Appeal from the United States District Court for the Eastern District of Washington. D.C. Nos. CR-90-2126-AAM, CR-90-2127-AAM. Alan A. McDonald, District Judge, Presiding.
Before: Jerome Farris, Andrew J. Kleinfeld, Jr., Circuit Judges, and David Alan Ezra,*fn* District Judge. Opinion by Judge Ezra.
Wayde Lynn Kurt brings this appeal from his conviction on consolidated charges of unlawful possession of an unregistered machine gun, in violation of 26 U.S.C. § 5861(d), and failure to appear, in violation of 18 U.S.C. § 3146(a), for which he was sentenced to consecutive imprisonment terms of sixteen and twenty-one months respectively. Kurt contends that the district court erred by denying his motion to suppress evidence obtained pursuant to a warrant defectively based on unsworn testimony, and, with respect to the unlawful possession charge, by convicting him in the absence of any evidence that the gun he owned could legally have been registered. We have jurisdiction under 28 U.S.C. § 1291 and AFFIRM the judgment of the district court.
In late December 1987, police officers in Snohomish County, Washington, were investigating the homicide of Zachary Smith. On the basis of an informant's tip, the officers obtained a valid warrant from a Snohomish County superior court Judge to search 413 West Sixth Street in Cle Elum, Washington, where they believed Kurt lived with his parents.
The officers executed the warrant on January 5, 1988. Kurt's mother told the officers that Kurt did not live there, and that his correct address was 401 1/2 Montgomery Street in Cle Elum. The officers contacted a different Snohomish County superior court Judge who permitted them to amend the warrant by penciling in the correct address. The officer who spoke with the second Judge was not placed under oath. The amended warrant was executed by several state police officers and a special agent of the U.S. Department of Treasury Bureau of Alcohol, Tobacco, and Firearms. A machine gun was found and Kurt was arrested.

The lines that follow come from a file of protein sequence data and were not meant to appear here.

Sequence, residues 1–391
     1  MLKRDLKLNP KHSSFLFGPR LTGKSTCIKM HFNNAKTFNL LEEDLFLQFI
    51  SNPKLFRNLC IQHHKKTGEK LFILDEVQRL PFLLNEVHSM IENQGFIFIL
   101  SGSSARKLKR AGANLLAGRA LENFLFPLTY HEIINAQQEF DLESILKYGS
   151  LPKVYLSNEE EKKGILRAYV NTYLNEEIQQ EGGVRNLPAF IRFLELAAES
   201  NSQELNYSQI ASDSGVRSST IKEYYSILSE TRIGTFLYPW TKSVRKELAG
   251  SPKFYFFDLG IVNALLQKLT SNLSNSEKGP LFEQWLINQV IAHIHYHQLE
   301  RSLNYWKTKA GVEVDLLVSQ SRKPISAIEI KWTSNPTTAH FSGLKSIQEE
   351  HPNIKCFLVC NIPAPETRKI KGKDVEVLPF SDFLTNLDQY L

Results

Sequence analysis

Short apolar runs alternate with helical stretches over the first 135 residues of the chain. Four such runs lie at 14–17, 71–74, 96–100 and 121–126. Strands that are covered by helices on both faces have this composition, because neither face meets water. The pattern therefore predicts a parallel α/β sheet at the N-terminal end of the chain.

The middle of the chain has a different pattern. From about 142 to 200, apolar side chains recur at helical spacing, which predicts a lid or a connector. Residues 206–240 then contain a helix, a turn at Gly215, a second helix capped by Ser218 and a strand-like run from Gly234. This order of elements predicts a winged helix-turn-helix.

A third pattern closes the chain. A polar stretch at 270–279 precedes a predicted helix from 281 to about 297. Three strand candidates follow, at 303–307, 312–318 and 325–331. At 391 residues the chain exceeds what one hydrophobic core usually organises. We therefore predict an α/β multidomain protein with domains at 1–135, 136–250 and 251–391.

On January 13, 1988, an indictment was returned against Kurt charging him with possession of an unregistered machine gun, in violation of 26 U.S.C. § 5861(d). That indictment was dismissed without prejudice. Kurt was reindicted on the same charge on October 16, 1990. Trial commenced on January 6, 1992. A jury returned a guilty verdict on both the possession charge and the bail jumping charge the next day.
Subsequently, Kurt challenged the constitutionality of his conviction in a motion to dismiss. 18 U.S.C. § 922(o), enacted in 1986, makes it illegal to possess a machine gun. Since section 5861(d) does not allow the registration of a firearm that it is illegal to possess, Kurt could not have registered his gun unless he owned it prior to May 19, 1986, when section 922(o) became effective. The record was devoid of any evidence as to when Kurt acquired the gun. The district court concluded that the burden was on the defendant to show that the gun was acquired at a time when it could not possibly be registered and on that basis denied Kurt's motion.
Kurt appealed from the district court's denial of his motion to dismiss and from its refusal to suppress the evidence obtained as a result of the unsworn testimony. On February 17, 1993, a separate panel of the Ninth Circuit affirmed the validity of the search of Kurt's home in a separate prosecution for counterfeiting and possession of counterfeiting paraphanelia. See U.S. v. Kurt, 986 F.2d 309 (9th Cir. 1993). Under the law of the case we affirm the district court's denial of the motion to suppress for this prosecution and consider only the propriety of his conviction.
Kurt was found guilty of possessing an unregistered firearm in violation of the National Firearms Act, 26 U.S.C. § 5861(d) ("NFA"). It provides:
It shall be unlawful for any person to receive or possess a firearm which is not registered to him in the National Firearms Registration and Transfer Record . . .
A separate criminal statute, 18 U.S.C. § 922(o), prohibits the possession of any machine gun made after that statute's effective ...